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Publication numberUS6449748 B1
Publication typeGrant
Application numberUS 09/370,856
Publication dateSep 10, 2002
Filing dateAug 9, 1999
Priority dateAug 9, 1999
Fee statusPaid
Publication number09370856, 370856, US 6449748 B1, US 6449748B1, US-B1-6449748, US6449748 B1, US6449748B1
InventorsEdward Jewjing Jeng, Lamberto Beleno, Steve Kehchien Hsuing
Original AssigneeLsi Logic Corporation
Export CitationBiBTeX, EndNote, RefMan
External Links: USPTO, USPTO Assignment, Espacenet
Non-destructive method of detecting die crack problems
US 6449748 B1
Abstract
Provided is a non-destructive method of detecting die crack problems in an integrated circuit. The method provides for testing for die crack problems in all chips and in many production chips without adding any extra circuitry or pads. In a preferred embodiment, the method takes advantage of an existing NAND gate tree structure at the perimeter of many conventional dies, although the invention is also applicable to other logic gate structures that may exist or may be formed at the perimeter of dies. The invention recognizes that this NAND gate tree structure may be used in order to identify and localize die cracks in finished chips, thereby providing a faster, more accurate and nondestructive way to test for die cracks in production chips. A typical NAND gate tree structure has the form of a cascade inverter chain. Since one end of the first NAND gate is tied to VDD, the output of each gate will alternate between low and high. Knowing the number of NAND gates in chain and the input provided to each NAND gate, the output for a properly functioning chain is determinable. If the output received is unexpected, it is an indication of die cracking in the chip. Moreover, by conducting a test pattern where a range, ideally the minimum combination necessary, of inputs is provided at each NAND gate and the output recorded, it is possible to localize the gate and or gates which are not responding properly and thereby localize the die crack.
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Claims(22)
What is claimed is:
1. A method of detecting die crack problems in an integrated circuit, comprising:
providing an integrated circuit on a die having a logic gate tree structure around the perimeter of the die, said integrated circuit having a plurality of input nodes and said logic gate tree structure comprising logic gates to connect at least two of the plurality of input nodes of the integrated circuit and at least one output node;
applying a pattern of voltage signals at said plurality of input nodes;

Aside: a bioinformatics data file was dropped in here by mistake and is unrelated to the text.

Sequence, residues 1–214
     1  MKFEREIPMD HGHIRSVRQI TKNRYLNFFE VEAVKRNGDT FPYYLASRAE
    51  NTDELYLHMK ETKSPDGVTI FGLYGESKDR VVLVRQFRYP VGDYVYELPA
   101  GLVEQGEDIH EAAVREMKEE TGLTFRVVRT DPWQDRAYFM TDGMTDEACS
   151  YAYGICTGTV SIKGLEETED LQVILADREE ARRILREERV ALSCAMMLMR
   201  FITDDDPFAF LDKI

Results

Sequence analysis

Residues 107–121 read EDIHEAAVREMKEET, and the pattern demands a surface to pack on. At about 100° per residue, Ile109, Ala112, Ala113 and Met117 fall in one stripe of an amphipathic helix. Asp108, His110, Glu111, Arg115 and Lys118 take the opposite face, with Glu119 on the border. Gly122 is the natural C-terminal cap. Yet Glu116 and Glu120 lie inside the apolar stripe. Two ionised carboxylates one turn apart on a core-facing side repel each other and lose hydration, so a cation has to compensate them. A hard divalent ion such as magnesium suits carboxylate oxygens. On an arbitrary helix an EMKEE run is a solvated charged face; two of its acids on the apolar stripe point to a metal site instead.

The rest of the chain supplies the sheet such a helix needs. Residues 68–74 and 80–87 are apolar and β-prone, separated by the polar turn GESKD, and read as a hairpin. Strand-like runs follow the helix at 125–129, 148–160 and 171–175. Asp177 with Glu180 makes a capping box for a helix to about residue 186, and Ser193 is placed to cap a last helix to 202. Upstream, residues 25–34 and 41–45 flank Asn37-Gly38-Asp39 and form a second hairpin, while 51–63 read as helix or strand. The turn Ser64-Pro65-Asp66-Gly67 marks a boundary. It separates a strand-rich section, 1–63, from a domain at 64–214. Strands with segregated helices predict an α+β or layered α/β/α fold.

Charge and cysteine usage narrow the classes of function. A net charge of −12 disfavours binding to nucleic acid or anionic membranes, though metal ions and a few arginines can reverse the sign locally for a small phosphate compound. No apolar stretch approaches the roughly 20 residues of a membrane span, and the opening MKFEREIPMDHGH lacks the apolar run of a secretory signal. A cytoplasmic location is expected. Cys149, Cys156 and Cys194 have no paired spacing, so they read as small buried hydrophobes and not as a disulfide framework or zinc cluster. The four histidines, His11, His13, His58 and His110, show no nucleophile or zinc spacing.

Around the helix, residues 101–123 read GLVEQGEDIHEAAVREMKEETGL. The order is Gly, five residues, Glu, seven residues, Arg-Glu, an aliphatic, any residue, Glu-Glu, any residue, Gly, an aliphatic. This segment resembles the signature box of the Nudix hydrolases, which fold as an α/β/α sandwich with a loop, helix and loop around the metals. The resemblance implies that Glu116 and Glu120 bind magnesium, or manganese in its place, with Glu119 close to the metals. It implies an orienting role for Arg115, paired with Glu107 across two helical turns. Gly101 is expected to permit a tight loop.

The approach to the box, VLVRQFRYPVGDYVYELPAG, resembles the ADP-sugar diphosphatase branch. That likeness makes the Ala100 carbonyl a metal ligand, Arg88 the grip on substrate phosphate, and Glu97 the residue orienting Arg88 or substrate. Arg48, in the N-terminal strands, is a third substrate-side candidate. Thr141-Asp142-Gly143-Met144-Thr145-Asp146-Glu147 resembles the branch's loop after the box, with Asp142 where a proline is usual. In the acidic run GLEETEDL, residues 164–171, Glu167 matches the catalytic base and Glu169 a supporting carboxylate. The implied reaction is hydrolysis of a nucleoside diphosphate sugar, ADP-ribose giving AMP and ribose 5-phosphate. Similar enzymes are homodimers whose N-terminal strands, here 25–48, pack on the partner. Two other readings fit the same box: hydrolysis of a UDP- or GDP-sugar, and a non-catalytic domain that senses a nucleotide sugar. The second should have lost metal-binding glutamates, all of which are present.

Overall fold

determining voltage signals at said at least one output node for said applied pattern of voltage signals;
wherein the voltage signals at the at least one output node provide an indication of whether or not there is a die crack.
2. The method of claim 1, wherein said logic gates are selected from at least one of NAND gates and NOR gates.
3. The method of claim 1, wherein said at least one output node is a single output node.
4. The method of claim 3, wherein all of the plurality of input nodes are connected using logic gates to the single output node and wherein said logic gates are selected from at least one of NAND gates and NOR gates.
5. The method of claim 1, wherein one end of a first of two ends of a first NAND gate in said tree structure is tied to VDD and the second end is tied to a first input node.
6. The method of claim 1, wherein:
said plurality of input nodes are connected to NAND gates;
said at least one output node is a single output node;
one end of a first of two ends of a first NAND gate in said tree structure is tied to VDD and the second end is tied to a first input node;
each additional NAND gate in said tree structure has a first of two ends tied to an output of a preceding NAND gate in the tree structure and the second end tied to a an input node; and
the output from a last NAND gate in said tree structure is tied to said output node;
whereby a high signal at said output node when a high signal is applied to an even number of said input nodes, or a low signal at said output node when a high signal is applied to an odd number of said input nodes, indicates no die crack problems.
7. The method of claim 1, wherein said integrated circuit is encapsulated in a package.
8. The method of claim 7, wherein said determination is made without decapping said packaged integrated circuit.
9. A method of detecting die crack problems in an integrated circuit, comprising:
providing an integrated circuit on a die having a logic gate tree structure around the perimeter of the die, said logic gate tree structure comprising a plurality of input nodes connected with logic gates and at least one output node;
applying under the control of a computer-implemented protocol a pattern of voltage signals at said plurality of input nodes in permutations that permit localization of any die crack problem and wherein the permutations are a minimum number of vectors necessary to determine the proper operation of each gate in the tree; and
determining under the control of a computer-implemented protocol voltage signals at said at least one output node for said applied pattern of voltage signals;
wherein the voltage signals at the at least one output node provide an indication of whether or not there is a die crack.
10. The method of claim 9, wherein said integrated circuit is encapsulated in a package.
11. The method of claim 10, wherein said determination is made without decapping said packaged integrated circuit.
12. A system for detecting die crack problems in an integrated circuit, comprising: